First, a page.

Deteriorating asset quality and depleting capital adequacy have made banks opt for safer investment avenues, such as government securities.
The Reserve Bank of India, in its Macroeconomic and Monetary Developments report on Monday, said sharp deceleration in economic activities had resulted in poor credit offtake.
And, some parameters indicated deteriorating health of banks' balance sheets.
This has made lenders seek refuge in 'safer' investment avenues, resulting a 'compositional' shift in banks' asset portfolio in favour of investments in government securities.
"Banks tend to become risk-averse, as corporate profitability impinges on the health of their balance sheets and the possibility of adverse selection increases in a rising interest rate environment," it said.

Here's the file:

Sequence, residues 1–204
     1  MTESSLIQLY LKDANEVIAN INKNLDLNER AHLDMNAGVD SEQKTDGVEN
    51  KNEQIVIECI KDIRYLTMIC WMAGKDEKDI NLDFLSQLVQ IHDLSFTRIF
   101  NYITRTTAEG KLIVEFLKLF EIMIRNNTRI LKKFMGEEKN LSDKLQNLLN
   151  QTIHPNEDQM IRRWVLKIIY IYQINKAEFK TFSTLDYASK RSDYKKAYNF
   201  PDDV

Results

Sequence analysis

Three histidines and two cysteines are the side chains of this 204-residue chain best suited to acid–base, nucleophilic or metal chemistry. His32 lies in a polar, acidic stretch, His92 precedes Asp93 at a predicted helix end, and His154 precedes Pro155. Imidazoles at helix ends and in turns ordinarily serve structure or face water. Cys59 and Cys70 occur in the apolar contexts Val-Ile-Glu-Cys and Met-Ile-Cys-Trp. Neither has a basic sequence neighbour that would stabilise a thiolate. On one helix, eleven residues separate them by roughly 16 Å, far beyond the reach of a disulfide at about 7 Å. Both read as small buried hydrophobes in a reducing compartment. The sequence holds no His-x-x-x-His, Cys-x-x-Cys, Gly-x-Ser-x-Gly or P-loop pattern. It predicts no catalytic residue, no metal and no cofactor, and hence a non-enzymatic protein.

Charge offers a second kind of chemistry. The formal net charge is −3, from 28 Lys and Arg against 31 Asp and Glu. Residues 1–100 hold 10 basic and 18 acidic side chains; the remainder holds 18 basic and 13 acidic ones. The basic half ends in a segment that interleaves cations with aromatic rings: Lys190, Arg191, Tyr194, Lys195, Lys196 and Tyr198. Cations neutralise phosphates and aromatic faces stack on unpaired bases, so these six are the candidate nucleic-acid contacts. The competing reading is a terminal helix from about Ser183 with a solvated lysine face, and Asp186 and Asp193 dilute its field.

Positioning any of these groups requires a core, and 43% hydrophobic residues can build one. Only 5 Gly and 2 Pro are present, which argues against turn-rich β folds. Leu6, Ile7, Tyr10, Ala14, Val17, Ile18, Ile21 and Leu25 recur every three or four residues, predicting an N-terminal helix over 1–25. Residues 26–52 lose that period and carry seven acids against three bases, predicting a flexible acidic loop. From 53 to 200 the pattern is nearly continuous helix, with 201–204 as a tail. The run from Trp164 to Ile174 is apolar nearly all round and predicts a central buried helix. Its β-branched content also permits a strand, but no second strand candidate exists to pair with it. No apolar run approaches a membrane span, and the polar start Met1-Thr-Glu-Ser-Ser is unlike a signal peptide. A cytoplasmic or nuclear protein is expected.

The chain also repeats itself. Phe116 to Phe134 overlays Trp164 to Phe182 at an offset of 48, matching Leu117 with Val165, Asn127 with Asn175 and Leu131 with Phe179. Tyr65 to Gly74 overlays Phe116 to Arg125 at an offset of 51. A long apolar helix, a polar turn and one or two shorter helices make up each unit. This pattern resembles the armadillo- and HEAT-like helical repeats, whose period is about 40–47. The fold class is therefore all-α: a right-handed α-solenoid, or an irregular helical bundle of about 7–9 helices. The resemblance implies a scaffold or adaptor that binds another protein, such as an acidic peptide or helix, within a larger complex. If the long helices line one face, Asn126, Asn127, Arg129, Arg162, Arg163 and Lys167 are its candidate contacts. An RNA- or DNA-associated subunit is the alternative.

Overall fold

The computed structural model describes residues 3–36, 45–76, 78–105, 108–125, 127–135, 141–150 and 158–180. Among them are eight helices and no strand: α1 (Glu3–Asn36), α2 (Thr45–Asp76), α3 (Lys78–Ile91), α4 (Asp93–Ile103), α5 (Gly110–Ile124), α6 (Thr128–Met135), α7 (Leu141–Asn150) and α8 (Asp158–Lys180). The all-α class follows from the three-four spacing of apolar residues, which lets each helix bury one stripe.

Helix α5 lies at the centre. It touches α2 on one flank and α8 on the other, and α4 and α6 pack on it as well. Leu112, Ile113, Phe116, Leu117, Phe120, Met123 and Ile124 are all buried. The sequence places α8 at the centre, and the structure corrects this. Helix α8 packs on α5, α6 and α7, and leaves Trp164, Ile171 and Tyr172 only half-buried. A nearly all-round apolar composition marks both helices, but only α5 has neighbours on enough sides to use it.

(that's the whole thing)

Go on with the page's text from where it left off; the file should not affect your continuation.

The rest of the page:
RBI said the capital adequacy ratio of public sector banks had declined during 2011-12.
"These factors appear to have a bearing on their capacity to extend credit," it said.
Adding: "On the demand side, with the transmission of cumulative monetary actions having a desired impact on economic activity, particularly credit-intensive
On the supply side, banks appeared to be averse to taking risks, with some parameters that indicate the health of banks' balance sheets deteriorating during the year."
Though all the sectors in the economy contributed to the decline in non-food credit growth, the deceleration was more in agriculture, real estate, hotels and restaurants, professional services, telecommunication, power, cement, textiles, iron and steel and personal vehicle loans, the central bank said.
Advances by banks recorded a year-on-year growth of 19.4 per cent till March 30, 2012, against 21.5 per cent a year before.
Similarly, term deposit growth decelerated during the fourth quarter of 2011-12, reflecting tight liquidity conditions and higher base effect, RBI said.
As on March 31, time deposits grew 15.4 per cent on a year-on-year basis, as compared with 18.3 per cent in the corresponding period a year before.